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0000017b-185c-d2e5-a37b-5cff92510000Wisconsin State and Local Government Sources: Wisconsin Department of Health Services: COVID-19 (Coronavirus Disease 2019)Oneida County Health DepartmentVilas County Health DepartmentLincoln County Health DepartmentMarathon County Health Department Langlade County Health DepartmentWestern Upper Peninsula Health DepartmentForest County Health DepartmentFederal Government Sources:Centers for Disease Control (CDC)Risk Assessment PageSituation Summary PageState Department Travel AdvisoriesWorld Health Organization (WHO)WHO Question and Answer Page

Oneida County Moves To Phase 2 Of COVID-19 Reopening

Oneida County will move fully into Phase 2 of its COVID-19 reopening plan at 5 p.m. Tuesday, said Health Officer Linda Conlon.

That means the county’s guidance allows for more people at libraries, gyms, and community centers and participating together in outdoor recreation.

“Oneida County has made progress in limiting the impact of COVID-19, but we have not yet reached our new normal,” the health department wrote in a press release. “We will continue to focus on the importance of continuation of businesses and activities for all sectors of our economy.”

Through guidance developed as part of the Onward Oneida County plan, the county uses several data points to determine when it moves between stages.

Oneida County came out with the comprehensive plan May 15, shortly after the Wisconsin Supreme Court struck down the statewide Safer at Home order. On May 15, the county put itself in Phase 1 of the recovery, although some sectors of the economy were placed in Phase 2.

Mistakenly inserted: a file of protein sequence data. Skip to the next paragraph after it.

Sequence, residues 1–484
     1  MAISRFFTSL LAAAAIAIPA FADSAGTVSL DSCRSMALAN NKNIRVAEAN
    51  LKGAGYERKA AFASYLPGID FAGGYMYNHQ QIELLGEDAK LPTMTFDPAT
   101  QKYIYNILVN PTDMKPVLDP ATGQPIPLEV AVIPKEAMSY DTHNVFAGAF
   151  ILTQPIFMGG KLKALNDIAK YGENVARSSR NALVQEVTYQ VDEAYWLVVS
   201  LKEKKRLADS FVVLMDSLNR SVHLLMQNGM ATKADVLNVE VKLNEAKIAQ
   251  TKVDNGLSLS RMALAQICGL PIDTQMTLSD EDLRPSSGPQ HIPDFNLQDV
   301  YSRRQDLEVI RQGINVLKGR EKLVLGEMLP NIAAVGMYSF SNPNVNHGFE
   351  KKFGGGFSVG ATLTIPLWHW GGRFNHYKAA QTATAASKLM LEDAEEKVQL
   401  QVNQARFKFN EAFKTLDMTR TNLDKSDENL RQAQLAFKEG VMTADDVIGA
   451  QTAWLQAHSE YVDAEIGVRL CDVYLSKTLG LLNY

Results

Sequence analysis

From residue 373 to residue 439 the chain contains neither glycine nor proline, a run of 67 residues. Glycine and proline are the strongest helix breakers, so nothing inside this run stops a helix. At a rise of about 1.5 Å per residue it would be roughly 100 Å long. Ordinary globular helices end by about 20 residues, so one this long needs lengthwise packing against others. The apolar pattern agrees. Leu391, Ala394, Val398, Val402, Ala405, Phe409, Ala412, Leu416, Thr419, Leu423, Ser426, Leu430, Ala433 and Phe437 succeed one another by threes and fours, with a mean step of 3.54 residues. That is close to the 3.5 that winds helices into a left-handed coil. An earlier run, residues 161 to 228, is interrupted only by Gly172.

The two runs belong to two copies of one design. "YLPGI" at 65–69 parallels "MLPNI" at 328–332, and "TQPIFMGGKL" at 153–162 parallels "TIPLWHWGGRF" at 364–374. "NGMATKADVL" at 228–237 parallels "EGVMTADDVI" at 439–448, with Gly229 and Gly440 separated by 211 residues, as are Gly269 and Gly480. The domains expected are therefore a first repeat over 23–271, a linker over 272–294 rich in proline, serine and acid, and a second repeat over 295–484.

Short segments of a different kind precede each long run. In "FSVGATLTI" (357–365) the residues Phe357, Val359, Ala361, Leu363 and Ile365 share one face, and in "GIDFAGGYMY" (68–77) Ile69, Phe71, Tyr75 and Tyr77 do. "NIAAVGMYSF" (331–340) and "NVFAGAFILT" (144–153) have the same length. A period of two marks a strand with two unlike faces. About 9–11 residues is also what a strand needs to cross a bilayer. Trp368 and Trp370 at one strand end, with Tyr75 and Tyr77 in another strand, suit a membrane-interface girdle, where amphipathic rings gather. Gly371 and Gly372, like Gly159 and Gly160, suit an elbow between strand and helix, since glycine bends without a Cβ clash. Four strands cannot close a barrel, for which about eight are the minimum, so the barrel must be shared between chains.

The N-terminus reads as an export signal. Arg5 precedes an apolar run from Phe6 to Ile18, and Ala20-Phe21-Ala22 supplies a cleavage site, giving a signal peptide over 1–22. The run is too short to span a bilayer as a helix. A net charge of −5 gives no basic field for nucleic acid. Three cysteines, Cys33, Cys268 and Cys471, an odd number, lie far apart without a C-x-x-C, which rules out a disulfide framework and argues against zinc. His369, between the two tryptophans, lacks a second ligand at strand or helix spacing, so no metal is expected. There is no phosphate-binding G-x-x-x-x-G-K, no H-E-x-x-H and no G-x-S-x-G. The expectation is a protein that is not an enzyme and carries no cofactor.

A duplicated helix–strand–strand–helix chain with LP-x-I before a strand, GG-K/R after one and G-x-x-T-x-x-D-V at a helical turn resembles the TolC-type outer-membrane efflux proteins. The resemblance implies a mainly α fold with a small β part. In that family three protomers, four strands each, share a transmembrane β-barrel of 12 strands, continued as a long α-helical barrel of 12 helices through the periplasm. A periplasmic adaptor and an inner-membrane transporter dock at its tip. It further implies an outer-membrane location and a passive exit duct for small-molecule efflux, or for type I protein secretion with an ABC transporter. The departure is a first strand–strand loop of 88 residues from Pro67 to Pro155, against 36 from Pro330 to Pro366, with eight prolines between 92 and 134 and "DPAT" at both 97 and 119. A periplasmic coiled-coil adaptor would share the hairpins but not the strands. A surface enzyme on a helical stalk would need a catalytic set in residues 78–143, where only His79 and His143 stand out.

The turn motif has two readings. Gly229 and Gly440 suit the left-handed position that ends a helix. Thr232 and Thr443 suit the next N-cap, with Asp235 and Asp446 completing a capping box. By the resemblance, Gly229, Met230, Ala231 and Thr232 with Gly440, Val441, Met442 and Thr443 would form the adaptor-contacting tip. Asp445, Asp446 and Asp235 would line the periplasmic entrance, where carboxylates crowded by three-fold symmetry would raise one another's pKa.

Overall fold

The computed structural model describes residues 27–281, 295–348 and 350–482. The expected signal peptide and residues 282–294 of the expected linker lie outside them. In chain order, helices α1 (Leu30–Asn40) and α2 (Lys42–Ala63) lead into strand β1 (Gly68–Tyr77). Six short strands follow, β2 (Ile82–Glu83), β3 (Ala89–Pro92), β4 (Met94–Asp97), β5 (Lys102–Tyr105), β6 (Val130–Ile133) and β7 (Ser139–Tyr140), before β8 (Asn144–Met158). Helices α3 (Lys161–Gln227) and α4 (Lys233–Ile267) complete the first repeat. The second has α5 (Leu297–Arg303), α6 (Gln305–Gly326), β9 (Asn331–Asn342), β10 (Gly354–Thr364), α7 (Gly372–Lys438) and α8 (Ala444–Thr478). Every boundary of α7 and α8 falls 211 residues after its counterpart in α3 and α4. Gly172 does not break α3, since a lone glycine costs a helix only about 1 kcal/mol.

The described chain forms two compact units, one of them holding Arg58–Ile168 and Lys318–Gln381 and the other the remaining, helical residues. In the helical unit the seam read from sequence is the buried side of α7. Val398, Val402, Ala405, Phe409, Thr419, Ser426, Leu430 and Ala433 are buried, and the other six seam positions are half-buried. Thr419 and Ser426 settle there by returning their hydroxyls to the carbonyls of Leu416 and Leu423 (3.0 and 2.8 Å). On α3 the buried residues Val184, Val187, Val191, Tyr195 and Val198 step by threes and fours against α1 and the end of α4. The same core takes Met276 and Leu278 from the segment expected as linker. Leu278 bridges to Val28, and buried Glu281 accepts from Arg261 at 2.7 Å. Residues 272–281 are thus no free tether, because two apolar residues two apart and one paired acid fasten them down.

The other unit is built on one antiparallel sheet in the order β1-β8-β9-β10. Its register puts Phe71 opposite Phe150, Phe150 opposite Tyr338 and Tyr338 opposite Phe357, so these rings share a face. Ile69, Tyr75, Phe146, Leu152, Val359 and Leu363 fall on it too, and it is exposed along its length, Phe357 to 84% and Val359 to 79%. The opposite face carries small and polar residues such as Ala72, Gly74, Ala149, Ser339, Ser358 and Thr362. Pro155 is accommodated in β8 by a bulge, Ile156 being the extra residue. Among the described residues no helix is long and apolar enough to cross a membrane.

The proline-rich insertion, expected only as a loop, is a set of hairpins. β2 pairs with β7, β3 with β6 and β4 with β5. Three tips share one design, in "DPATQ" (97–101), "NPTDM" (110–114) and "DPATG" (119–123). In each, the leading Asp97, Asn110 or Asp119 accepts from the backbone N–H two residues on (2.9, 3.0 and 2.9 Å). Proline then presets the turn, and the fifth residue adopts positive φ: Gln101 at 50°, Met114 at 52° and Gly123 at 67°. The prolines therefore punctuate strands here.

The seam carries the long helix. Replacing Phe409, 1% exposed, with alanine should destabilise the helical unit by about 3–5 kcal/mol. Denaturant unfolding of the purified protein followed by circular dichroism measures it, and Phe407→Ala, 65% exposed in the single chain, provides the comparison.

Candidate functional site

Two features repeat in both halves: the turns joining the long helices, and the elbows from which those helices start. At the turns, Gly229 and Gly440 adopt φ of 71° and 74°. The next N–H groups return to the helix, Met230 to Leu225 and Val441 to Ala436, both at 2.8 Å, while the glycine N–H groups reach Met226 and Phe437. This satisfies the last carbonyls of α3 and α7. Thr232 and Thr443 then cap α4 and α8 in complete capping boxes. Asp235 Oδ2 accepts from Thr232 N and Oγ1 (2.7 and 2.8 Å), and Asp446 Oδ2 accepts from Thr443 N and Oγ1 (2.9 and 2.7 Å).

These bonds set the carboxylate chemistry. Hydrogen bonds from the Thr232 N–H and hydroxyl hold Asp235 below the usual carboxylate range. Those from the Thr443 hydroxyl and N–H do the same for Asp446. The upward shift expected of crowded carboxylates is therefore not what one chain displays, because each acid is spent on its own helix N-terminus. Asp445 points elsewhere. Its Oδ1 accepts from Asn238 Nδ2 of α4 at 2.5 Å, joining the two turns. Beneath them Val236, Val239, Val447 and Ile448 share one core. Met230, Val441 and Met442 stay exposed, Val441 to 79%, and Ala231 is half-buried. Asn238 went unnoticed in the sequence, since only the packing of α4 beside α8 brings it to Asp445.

Each part of Onward Oneida County, including the system of reopening phases, is only guidance. There is no enforceable order from the health department.

Among other provisions, moving to Phase 2 means:

  • Low-risk recreation, like tennis, pickleball, and BMX, may move from a 10 to a 50 person maximum
  • Gyms, community centers, libraries, and museums may accommodate 50 percent of their capacity, up from 25 percent
  • Up to 25 people can use outdoor playground equipment, up from 10

Other areas of the economy had already been in Phase 2, including the following provisions:

  • Hair salons, barbershops, nail salons, day spas, tattoo parlors, tanning facilities may open with best practices
  • Outdoor gatherings can have a 50-person maximum, while indoor gatherings can have a 50-person maximum or 25 percent capacity, whichever is less
  • Bars can open with physical distancing and active monitoring of staff
  • Theaters, amusement parks, arcades, trampoline parks, bowling alleys, and related establishments can open with a 50-person maximum or 25 percent capacity, whichever is less
  • Pools and water attractions can open with 50% capacity

With each provision, the county strongly recommended space between individuals and other best practices.
“This includes maintaining physical distancing, avoiding large gatherings, using good personal hygiene and handwashing, wearing face coverings, etc.,” the press release read.

“It is our job as public health professionals to [use] data and science to drive our decisions. At this time, the disease is still spreading across the country. We will need everyone to do their part and cooperate to slow the spread of COVID-19.”

See the official guidance moving Oneida County to Phase 2. Read the full Onward Oneida County Reopening Toolkit.

Ben worked as the Special Topics Correspondent at WXPR from September 2019 until November 2021. He now contributes occasionally to WXPR. During his full-time employment, his main focus was reporting on environment and natural resources issues in northern Wisconsin and Michigan's Upper Peninsula as part of The Stream, a weekly series.
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